Everyone with a GoPro camera knows the drill. You head out to film some footage with a camera attached to your helmet. Cycle up to the location. See the stunning scenery with your very eyes. Head home to see just what the journey there was like and realise that it’s one jagged and shaky mess.
Microsoft researchers could have the solution in the shape of a method that uses “hyperlapse” and it is claimed that this drastically improves clips that are taken whilst travelling at high speeds.
The software that has been developed combs through the footage and makes new frames that smooth out the jumps and the following step-by-step guide explains how the hyperlapse technology works.
1. Video Analysis
Microsoft’s program goes through the video to find significant features in every scene that allow it to recreate an approximate reconstruction of the area that the camera has travelled through. This gives the perspective for the finished video that comes out at the end.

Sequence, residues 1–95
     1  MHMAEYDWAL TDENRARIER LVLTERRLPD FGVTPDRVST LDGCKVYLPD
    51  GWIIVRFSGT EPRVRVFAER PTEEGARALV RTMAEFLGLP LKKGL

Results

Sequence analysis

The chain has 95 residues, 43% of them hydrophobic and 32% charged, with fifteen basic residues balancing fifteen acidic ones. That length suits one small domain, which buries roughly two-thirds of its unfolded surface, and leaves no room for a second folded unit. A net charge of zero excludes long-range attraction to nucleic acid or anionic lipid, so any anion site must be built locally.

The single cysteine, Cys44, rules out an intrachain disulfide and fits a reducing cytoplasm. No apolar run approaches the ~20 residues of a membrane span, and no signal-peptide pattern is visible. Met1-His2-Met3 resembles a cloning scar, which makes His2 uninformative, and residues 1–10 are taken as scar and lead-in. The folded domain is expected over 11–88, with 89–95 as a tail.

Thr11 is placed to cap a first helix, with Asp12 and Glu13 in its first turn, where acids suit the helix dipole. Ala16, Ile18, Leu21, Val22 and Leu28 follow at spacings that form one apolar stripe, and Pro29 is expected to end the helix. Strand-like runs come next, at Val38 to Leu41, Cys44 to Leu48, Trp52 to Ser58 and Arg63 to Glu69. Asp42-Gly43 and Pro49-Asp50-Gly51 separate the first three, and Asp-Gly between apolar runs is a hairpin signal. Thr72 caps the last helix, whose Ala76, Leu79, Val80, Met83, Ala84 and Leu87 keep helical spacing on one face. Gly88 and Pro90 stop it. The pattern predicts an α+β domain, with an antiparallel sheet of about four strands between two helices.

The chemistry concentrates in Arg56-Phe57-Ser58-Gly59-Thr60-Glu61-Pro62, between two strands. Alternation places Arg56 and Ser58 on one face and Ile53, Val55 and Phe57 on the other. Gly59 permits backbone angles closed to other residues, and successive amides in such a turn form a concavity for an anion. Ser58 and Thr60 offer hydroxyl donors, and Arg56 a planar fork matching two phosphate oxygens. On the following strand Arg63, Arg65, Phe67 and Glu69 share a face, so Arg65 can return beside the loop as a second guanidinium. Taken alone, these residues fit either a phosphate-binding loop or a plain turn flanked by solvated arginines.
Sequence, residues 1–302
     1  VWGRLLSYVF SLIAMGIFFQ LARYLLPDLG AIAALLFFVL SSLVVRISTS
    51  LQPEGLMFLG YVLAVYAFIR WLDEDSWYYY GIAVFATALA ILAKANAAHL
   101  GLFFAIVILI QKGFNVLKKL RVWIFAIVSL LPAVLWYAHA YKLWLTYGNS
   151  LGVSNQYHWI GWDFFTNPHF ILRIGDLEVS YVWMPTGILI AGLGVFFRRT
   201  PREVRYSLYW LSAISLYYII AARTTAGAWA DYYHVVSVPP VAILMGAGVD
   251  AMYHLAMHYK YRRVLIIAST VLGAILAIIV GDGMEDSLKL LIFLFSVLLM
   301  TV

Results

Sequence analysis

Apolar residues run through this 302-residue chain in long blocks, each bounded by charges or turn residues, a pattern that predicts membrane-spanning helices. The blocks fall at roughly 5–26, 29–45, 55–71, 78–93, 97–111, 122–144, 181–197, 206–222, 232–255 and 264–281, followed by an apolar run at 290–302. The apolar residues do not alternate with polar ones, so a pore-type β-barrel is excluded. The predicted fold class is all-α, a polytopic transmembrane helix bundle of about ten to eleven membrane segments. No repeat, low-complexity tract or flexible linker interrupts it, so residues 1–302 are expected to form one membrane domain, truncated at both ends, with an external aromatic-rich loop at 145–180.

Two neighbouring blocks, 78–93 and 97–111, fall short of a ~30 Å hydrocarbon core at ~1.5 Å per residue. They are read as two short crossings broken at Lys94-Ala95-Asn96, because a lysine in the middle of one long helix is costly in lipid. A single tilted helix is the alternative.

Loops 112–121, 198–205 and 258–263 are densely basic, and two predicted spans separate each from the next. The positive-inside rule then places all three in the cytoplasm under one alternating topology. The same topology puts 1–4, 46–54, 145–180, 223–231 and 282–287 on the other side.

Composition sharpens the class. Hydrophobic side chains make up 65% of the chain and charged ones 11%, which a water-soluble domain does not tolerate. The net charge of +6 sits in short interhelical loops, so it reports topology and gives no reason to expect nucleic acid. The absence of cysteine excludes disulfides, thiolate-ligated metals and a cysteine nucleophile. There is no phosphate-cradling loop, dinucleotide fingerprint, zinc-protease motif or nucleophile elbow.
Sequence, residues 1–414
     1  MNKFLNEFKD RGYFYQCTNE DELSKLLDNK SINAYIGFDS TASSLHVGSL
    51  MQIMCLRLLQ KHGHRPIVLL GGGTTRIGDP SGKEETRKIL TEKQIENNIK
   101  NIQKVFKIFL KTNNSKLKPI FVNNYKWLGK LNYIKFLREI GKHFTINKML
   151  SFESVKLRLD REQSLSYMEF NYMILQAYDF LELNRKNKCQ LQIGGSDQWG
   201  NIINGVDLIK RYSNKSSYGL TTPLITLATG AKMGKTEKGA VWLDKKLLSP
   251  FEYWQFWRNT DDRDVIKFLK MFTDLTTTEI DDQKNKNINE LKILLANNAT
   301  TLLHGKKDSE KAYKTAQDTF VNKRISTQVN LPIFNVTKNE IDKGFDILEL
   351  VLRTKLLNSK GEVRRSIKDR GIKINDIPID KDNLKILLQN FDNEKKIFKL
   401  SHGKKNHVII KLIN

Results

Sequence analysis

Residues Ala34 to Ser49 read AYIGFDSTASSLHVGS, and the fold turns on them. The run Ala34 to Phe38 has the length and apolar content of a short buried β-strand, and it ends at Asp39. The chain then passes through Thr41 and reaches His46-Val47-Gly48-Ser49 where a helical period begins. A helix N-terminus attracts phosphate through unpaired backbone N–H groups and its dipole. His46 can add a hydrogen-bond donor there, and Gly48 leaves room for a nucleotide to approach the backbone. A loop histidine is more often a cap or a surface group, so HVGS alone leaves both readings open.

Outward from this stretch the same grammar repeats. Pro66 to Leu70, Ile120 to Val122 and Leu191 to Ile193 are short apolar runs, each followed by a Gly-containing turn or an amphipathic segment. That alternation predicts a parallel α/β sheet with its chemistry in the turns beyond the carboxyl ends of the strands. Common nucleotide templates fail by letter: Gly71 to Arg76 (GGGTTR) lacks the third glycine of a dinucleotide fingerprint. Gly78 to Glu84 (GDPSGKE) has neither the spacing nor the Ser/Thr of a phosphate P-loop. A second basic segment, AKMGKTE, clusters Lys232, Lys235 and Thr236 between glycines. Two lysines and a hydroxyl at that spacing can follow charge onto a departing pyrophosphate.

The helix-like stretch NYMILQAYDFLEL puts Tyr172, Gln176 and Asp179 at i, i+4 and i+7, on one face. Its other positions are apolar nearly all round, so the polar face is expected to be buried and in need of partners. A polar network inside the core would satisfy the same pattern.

2. Find the best path
After the approximate area has been reconstructed, the algorithm works out an optimal camera path for the output video that gives the smoothest passage past input cameras. At the same time it makes sure that the virtual camera is pointed in directions that can be rendered properly from the input.
The camera travels across the path suggested by the algorithm to produce a smoother version of the film. This also generates extra frames that are then added to remove the jumps and jerks in the original footage that fit around the smooth path of the original camera.
The finished article can be seen in the video at the top of the article and although it’s not perfect, it certainly makes a welcome change from the jerky videos that GoPro cameras often produce.
Microsoft developers Johannes Kopf, Michael Cohen and Richard Szeliski are currently working on an app that will allow consumers to benefit from the new technology and there has been no date given on when it will be released.